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AstraZeneca is to cease research into several diseases that have generated its largest selling drugs, including medicines for schizophrenia and heartburn.
The Anglo-Swedish group said it would stop developing new treatments for 10 different diseases, marking the end of projects to find successors to blockbusters such as Nexium and Seroquel.
The action follows a pledge to boost productivity as part of a restructuring of AstraZeneca’s research and development division revealed last month, which will cut 3,500 scientists and technical staff worldwide by 2014.
The decision mirrors a similar move revealed this year by GlaxoSmithKline, its UK rival, which has also pledged new approaches to innovation and pared back research activities, including shutting down work on treatments for depression.
It reflects broader efforts by large pharmaceutical groups to boost innovation, cut costs and increase the likelihood of success of the development of new drugs for which healthcare systems and insurers will pay.
Anders Ekbom, executive vice-president of development, said: “We have made strides in improving our efficiency in recent years, but there is a need to adapt in anticipation of future challenges.”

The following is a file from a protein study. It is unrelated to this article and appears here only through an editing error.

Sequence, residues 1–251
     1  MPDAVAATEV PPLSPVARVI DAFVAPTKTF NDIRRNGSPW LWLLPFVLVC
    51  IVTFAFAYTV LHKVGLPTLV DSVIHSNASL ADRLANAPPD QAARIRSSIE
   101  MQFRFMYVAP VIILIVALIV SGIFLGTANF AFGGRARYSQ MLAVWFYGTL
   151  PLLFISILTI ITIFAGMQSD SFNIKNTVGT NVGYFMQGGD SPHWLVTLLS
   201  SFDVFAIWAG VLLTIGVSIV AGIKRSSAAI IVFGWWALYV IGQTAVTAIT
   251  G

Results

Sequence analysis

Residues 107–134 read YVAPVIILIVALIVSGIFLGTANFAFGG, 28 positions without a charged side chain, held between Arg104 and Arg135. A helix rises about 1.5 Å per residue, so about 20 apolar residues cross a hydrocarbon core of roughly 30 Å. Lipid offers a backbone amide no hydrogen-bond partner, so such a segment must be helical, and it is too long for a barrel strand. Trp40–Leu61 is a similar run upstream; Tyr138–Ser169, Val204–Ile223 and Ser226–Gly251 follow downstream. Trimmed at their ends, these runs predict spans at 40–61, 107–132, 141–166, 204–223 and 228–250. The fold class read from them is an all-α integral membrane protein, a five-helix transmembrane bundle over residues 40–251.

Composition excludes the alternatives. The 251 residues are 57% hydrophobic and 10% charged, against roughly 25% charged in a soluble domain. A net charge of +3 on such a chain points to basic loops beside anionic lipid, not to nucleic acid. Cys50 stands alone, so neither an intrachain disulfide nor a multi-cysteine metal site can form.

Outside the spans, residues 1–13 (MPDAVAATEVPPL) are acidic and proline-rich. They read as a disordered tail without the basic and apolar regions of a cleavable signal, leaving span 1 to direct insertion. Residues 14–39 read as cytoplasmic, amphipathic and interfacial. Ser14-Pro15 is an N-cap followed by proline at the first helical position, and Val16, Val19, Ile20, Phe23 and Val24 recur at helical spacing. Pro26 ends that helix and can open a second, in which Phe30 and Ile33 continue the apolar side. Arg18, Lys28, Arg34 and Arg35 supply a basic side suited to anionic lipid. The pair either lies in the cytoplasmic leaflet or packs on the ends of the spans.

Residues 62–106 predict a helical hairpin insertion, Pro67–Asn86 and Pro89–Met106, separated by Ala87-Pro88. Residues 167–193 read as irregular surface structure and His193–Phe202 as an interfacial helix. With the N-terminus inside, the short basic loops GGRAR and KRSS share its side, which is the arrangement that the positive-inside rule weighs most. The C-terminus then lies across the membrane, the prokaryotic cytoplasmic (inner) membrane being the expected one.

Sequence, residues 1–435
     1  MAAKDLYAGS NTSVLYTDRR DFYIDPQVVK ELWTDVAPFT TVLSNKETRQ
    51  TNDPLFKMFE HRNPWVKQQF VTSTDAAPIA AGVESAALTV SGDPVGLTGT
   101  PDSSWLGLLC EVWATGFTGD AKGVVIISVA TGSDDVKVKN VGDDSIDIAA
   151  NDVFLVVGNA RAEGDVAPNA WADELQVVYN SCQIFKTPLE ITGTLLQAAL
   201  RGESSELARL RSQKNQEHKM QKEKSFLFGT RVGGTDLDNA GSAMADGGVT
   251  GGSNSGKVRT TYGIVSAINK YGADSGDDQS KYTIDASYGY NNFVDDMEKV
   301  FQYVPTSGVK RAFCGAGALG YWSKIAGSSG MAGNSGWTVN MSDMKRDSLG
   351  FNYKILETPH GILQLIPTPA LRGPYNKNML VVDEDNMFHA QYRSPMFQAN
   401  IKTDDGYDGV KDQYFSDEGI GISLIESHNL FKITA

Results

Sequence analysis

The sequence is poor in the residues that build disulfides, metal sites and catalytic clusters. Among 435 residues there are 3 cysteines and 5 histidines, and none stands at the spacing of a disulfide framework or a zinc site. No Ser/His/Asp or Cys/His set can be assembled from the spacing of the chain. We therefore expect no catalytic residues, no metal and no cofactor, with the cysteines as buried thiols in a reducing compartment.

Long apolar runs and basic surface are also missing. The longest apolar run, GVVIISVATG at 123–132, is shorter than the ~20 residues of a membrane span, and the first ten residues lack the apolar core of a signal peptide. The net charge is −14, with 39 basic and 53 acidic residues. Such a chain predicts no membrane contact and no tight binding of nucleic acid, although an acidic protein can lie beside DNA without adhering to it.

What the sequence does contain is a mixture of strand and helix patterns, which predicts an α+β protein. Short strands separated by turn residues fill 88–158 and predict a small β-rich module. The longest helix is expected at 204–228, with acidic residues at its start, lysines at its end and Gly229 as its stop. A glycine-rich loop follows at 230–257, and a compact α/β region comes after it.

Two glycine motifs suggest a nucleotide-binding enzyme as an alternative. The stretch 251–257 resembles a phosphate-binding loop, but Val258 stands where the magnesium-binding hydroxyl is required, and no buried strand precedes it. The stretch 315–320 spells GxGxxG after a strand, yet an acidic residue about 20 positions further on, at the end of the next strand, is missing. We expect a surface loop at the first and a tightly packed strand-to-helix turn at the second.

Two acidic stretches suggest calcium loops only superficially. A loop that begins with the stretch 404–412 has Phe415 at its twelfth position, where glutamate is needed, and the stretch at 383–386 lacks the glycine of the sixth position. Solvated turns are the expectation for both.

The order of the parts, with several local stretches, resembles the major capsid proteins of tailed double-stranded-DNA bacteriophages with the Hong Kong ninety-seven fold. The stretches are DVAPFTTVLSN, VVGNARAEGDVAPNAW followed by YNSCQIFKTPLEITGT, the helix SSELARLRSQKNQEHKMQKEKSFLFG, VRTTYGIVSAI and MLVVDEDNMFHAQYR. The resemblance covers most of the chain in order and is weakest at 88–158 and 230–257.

The company will close research at peripheral sites such as Charnwood and Avlon in the UK, Lund in Sweden and Wilmington in the US, and bring staff together at research centres in Alderley Park in the UK and Molndal in Sweden.
It plans to reorganise research and development into smaller “iMeds” or research units designed to strengthen accountability and re-create a more entrepreneurial atmosphere.
AstraZeneca said it would maintain all of its seven therapy areas, which cover cardiovascular, gastrointestinal, oncology, respiratory, inflammation, neuroscience and infection.
But it will stop further drug development work into diseases within these categories, including thrombosis, acid reflux, ovarian and bladder cancers, systemic scleroderma, schizophrenia, bipolar disorder, depression, anxiety, hepatitis C and vaccines other than respiratory syncytial virus and influenza.
It will also sell Arrow Therapeutics in the UK.
Its latest restructuring estimates a further 8,000 job losses on top of 4,000 cut since 2007